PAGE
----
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On frequency wars and hobbies

On the daily EMF onslaught scrambling our bodies, minds and spirit. But first, a little bit about my Covid hobby...

An audio version of this post can be found at the end of this post.

I’m sure you will agree, there is so much to intellectually nourish one these days. Covid has definitely inspired much creativity: one only needs to see the huge numbers of literary works and podcasts that have emerged in the past three years, not to mention art and music.

Watching ‘something’ tends to render one immovable, yet listening to podcasts leaves one with hands free.  I cannot keep up with all the amazing conversations taking place, but when I do tune in, I like to keep my hands busy.

My mother knits but, being left-handed, I could never progress my knitting prowess beyond plain stitching scarves. My grandmothers and mother gave up trying to teach me because of the back to front workings of being a leftie. If you are a left-handed knitter, I am impressed.

I’ve taken up painting, which is a bit more forgiving: one doesn’t need to wear the product! Whilst the execution is definitely naïvely wanting, I am usually able to impress my amazing art teacher friend with my enthusiasm, if not my aspiration to capture difficult-to-draw subject matter.

For example, in my latest effort I attempted to depict humanity held captive in a glass box, trying to shield from (invisible) radiation emanating from satellites and cell phone towers, and increasingly disconnected from God, our Source energy, which is competing for power to awaken and evolve us through (invisible) electromagnetic waves from the heavens.

Yes, I agree, the notion may sound rather ambitious for a beginner but I may have pulled it off. What do you think?

I appreciate the subject matter may be a little ‘out there’. Many people don’t consider electromagnetic radiation, natural or otherwise, worthy of serious consideration in the context of human thought, behaviour and wellbeing.

To this I would invite reflection on the following:

How does a cell phone work? It receives waves from cell phone towers and satellites. So then how do our brains work? They certainly don’t just work on chemicals, as some may like to pretend. Might they receive waves from the cosmos? Might our unique thoughts respond to these waves? Indeed, what comprises our thoughts, might they be waves too?

Given we are electrical beings, might our entire make-up be receiving and emitting radiation? I know many of you will already be saying ‘yes, of course!’ because you have long been aware that we are more than just biochemical organisms. That said, it still amazes me that we have somehow ended up swamped in an ever-thickening soup of artificial radio frequency (RF) radiation that evidence shows is messing up our bodies and our planet.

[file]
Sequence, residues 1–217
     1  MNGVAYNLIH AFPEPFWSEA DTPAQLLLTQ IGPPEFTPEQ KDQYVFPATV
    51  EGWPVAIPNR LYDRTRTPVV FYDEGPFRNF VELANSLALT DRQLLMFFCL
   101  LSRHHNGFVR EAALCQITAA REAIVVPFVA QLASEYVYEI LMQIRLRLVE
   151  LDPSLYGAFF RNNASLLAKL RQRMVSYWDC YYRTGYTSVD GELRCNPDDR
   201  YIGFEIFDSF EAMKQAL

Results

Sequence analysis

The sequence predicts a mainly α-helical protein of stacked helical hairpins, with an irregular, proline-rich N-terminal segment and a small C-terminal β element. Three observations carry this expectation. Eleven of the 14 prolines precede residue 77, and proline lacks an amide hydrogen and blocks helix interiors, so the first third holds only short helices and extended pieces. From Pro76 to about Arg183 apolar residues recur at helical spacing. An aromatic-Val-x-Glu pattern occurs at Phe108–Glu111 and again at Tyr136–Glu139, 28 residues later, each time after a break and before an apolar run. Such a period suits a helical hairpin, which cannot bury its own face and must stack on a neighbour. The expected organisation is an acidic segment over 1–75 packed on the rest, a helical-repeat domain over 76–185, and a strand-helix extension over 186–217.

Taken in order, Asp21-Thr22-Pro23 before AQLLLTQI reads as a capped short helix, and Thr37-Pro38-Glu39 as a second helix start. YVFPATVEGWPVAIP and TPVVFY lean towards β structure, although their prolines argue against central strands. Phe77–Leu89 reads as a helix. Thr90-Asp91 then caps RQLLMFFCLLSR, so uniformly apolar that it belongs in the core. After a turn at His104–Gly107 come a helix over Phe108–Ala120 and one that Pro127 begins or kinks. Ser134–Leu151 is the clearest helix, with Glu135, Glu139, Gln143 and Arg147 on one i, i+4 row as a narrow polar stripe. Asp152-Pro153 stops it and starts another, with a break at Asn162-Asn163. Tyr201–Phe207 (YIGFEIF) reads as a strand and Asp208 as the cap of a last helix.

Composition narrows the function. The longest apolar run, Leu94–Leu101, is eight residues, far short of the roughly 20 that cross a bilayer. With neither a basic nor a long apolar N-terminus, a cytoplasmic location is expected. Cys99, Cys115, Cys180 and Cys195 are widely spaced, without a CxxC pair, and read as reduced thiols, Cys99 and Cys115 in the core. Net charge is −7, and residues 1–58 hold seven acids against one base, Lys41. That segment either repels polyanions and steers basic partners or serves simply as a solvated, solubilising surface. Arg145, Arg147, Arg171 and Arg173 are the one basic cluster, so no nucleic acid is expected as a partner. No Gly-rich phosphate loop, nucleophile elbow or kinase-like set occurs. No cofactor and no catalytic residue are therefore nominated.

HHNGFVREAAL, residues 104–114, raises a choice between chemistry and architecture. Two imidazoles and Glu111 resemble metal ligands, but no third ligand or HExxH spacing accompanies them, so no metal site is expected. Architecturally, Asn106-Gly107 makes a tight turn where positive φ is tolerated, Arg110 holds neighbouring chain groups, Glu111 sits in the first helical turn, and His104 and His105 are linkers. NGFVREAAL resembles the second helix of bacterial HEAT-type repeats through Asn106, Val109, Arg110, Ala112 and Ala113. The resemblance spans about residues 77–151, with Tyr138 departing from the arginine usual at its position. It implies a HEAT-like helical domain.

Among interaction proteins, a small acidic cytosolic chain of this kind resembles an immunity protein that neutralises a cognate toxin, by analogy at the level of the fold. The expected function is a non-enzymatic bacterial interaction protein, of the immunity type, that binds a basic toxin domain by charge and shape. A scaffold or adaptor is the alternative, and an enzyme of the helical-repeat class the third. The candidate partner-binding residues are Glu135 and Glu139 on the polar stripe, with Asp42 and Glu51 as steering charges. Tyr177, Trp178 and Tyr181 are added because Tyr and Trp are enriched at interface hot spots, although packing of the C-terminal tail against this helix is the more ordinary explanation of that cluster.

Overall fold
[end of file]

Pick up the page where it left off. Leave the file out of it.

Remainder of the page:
This is a subject I explore with my next Tess Talks guest, Professor Olle Johansson (see clip above).

Professor Johansson is a world-leading authority on the health impacts of artificial RF radiation. Indeed, he defined the term ‘screen dermatitis’ to describe the sunburn-like skin irritation caused by radiation, which has since evolved into what is now termed electrohypersensitivity, or EHS. This is where people experience a range of debilitating symptoms due to overexposure to RF radiation. So, besides skin conditions, this can include headaches, poor concentration, metal taste in the mouth, heart palpitations and so on. It’s currently accepted as a functional impairment, but there are moves to change that, and not for the better, as he explains in our conversation.

Professor Johansson has sat in parliaments, congresses and symposia around the world, presenting the science and listening to industry ‘experts’ and politicians discuss the risks and benefits of the next raft of EMF technology. As he makes clear, artificial RF radiation is a juggernaut with no one at the helm even checking to see whether it’s safe.

It bears similarities with the Covid vaccination debacle, in that a novel, untested technology has been unleashed on an unsuspecting population. There’s at least one important difference, however: with the Covid injections, one could always say no. With RF radiation, there was no opportunity to give or not give our consent: like it or not, most of us are surrounded and bombarded these artificial waves, particularly those of us living in urban areas.

What does this mean and how do we find and create a better way? I cannot think of a more brilliant, generous and informative guide to help us answer this question than Professor Johansson. I hope you will join us for our Tess Talks, posted this Sunday at 10:30 am London time.

In the meantime, back to our hobbies. If Covid inspired the artist in you and you have a new Better Way hobby, do share your artwork and outputs – perhaps we can feature them here on this Substack, with your permission of course.

Art is integral to the better world we are co-creating, so let’s all get creative – be it in our gardens, kitchens, music rooms, or elsewhere, with knitting needles, a trowel or guitar. More than anger and resistance, it is our passion, love and good vibrations that will see us through.

Thank you very much for reading/listening and enjoy the rest of your day!


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A Better Way with Dr Tess Lawrie
A Better Way with Dr Tess Lawrie
Dr Tess Lawrie, MBBCh, PhD​